Hail: It's often difficult to determine whether or not a shingled roof needs to be replaced after a hail storm because damage is not readily evident to the average eye. Hail can damage your shingles, siding and gutters without any visible signs from the ground. If your hail was golf ball size or larger---it more then likely broke through your shingle and caused bruising. If driven by high winds or if it hailed for more than a few minutes, your roof has more then likely suffered from loss of it's protective granules. Granules aren't just there for appearance purposes, they're there to protect the asphalt based roof product (the shingle). Asphalt and the sun do not mix. The sun will beat it up pretty badly. It doesn't take much of a hail storm to dislodge a bunch of granules, thereby exposing the asphalt and shortening the service life of your roof. If your roof has gone through a moderate to heavy hail storm---it is very important to have your roof inspected for hail damage. Loss of granules on the shingle will cause the organic-based center of the shingle to be exposed to the suns UV rays. This causes quick and serious deterioration to the shingle. It's easy to spot the damage when the hail actually puncture's the shingle---but, it's just as important to know when the shingle has been bruised. Ignoring the potential damage and allowing sun, rain, wind, snow & ice to beat against the damaged shingles can cause a serious continual cycle of damage to your roof and by the time you realize the damage has happened it may be too late to claim it on your insurance. Have the exterior of your home inspected. Better safe then sorry.
Enemies of Your Roof.
A roof’s performance is affected by numerous factors. Knowing about the following will help you make informed roof buying decisions.
Sun: Heat and ultraviolet rays cause roofing materials to deteriorate over time. Deterioration can occur faster on the sides facing west or south.
Rain: When water gets underneath shingles, shakes or other roofing materials, it can work its way to the roof deck and cause the roof structure to rot. Extra moisture encourages mildew and rot elsewhere in a house, including walls, ceilings, insulation and electrical systems.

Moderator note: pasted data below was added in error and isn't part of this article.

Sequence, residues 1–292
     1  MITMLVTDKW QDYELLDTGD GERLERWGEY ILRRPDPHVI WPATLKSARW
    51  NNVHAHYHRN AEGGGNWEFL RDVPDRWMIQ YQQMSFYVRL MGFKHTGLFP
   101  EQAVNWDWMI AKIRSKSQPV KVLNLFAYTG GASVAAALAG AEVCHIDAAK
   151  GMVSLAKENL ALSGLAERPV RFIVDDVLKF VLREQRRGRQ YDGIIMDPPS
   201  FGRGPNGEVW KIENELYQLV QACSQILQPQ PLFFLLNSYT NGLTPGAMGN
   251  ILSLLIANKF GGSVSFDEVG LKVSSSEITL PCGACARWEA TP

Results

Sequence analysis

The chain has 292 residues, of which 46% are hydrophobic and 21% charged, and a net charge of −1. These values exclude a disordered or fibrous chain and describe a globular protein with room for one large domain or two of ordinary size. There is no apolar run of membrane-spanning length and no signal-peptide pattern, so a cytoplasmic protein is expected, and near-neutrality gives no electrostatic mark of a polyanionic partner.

Wind: High winds can lift shingles' edges (or other roofing materials) and force water and debris underneath them. Extremely high winds can cause extensive damage.
Snow and Ice: Melting snow often refreezes at a roof's overhang where the surface is cooler, forming an ice dam. This blocks proper drainage into the gutter. Water backs up under the shingles (or other roofing materials) and seeps into the interior. During the early melt stages, gutters and downspouts can be the first to fill with ice and be damaged beyond repair or even torn off a house or building.
Condensation: Condensation can result from the buildup of relatively warm, moisture-laden air. Moisture in a poorly ventilated attic promotes decay of wood sheathing and rafters, possibly destroying a roof structure. Sufficient attic ventilation can be achieved by installing larger or additional vents and will help alleviate problems because the attic air temperature will be closer to the outside air temperature.
Trees and Leaves: Tree branches touching a roof will scratch and gouge roofing materials when the branches are blown by the wind. Falling branches from overhanging trees can damage, or even puncture, shingles and other roofing materials. Leaves on a roof system's surface retain moisture and cause rot, and leaves in the gutters block drainage.
Missing or Torn Shingles: The key to a roof’s effectiveness is complete protection. When shingles are missing or torn off, a roof structure and home or building interior are vulnerable to water damage and rot. The problem is likely to spread-nearby shingles also are ripped easily or blown away. Missing or torn shingles should be replaced as soon as possible.
Shingle Deterioration: When shingles are old and worn out, they curl, split and lose their waterproofing effectiveness. Weakened shingles easily are blown off, torn or lifted by wind gusts. The end result is structural rot and interior damage. A deteriorated roof system only gets worse with time-it should be replaced as soon as possible.
Flashing Deterioration: Many apparent roof leaks really are flashing leaks. Without good, tight flashings around chimneys, vents, skylights and wall/roof junctions, water can enter a home or building and cause damage to walls, ceilings, insulation and electrical systems. Flashings should be checked as part of a biannual roof inspection and gutter cleaning. .